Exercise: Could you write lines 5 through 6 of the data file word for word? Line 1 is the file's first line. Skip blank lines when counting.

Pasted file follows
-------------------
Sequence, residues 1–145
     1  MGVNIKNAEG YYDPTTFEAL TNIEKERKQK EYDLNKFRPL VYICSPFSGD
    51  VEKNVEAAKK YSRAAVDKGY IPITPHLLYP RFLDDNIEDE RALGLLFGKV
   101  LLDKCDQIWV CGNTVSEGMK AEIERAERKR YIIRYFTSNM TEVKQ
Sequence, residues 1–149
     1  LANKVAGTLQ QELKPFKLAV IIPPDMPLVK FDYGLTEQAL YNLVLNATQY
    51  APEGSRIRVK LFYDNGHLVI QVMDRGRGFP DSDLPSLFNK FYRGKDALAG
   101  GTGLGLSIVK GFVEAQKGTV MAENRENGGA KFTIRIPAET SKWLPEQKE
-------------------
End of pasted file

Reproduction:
Sequence, residues 1–149
     1  LANKVAGTLQ QELKPFKLAV IIPPDMPLVK FDYGLTEQAL YNLVLNATQY